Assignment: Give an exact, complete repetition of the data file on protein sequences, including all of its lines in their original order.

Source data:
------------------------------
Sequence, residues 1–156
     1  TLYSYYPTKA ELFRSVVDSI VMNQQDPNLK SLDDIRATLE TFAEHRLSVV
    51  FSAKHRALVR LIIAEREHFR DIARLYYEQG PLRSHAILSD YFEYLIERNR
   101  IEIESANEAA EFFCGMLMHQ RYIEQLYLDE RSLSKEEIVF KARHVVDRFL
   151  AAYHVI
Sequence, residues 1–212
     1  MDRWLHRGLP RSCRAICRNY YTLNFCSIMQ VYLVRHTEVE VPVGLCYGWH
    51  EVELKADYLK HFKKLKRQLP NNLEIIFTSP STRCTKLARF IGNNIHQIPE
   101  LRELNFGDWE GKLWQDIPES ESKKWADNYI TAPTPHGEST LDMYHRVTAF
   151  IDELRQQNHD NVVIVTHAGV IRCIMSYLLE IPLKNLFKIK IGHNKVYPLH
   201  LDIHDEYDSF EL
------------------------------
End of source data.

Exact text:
Sequence, residues 1–156
     1  TLYSYYPTKA ELFRSVVDSI VMNQQDPNLK SLDDIRATLE TFAEHRLSVV
    51  FSAKHRALVR LIIAEREHFR DIARLYYEQG PLRSHAILSD YFEYLIERNR
   101  IEIESANEAA EFFCGMLMHQ RYIEQLYLDE RSLSKEEIVF KARHVVDRFL
   151  AAYHVI
Sequence, residues 1–212
     1  MDRWLHRGLP RSCRAICRNY YTLNFCSIMQ VYLVRHTEVE VPVGLCYGWH
    51  EVELKADYLK HFKKLKRQLP NNLEIIFTSP STRCTKLARF IGNNIHQIPE
   101  LRELNFGDWE GKLWQDIPES ESKKWADNYI TAPTPHGEST LDMYHRVTAF
   151  IDELRQQNHD NVVIVTHAGV IRCIMSYLLE IPLKNLFKIK IGHNKVYPLH
   201  LDIHDEYDSF EL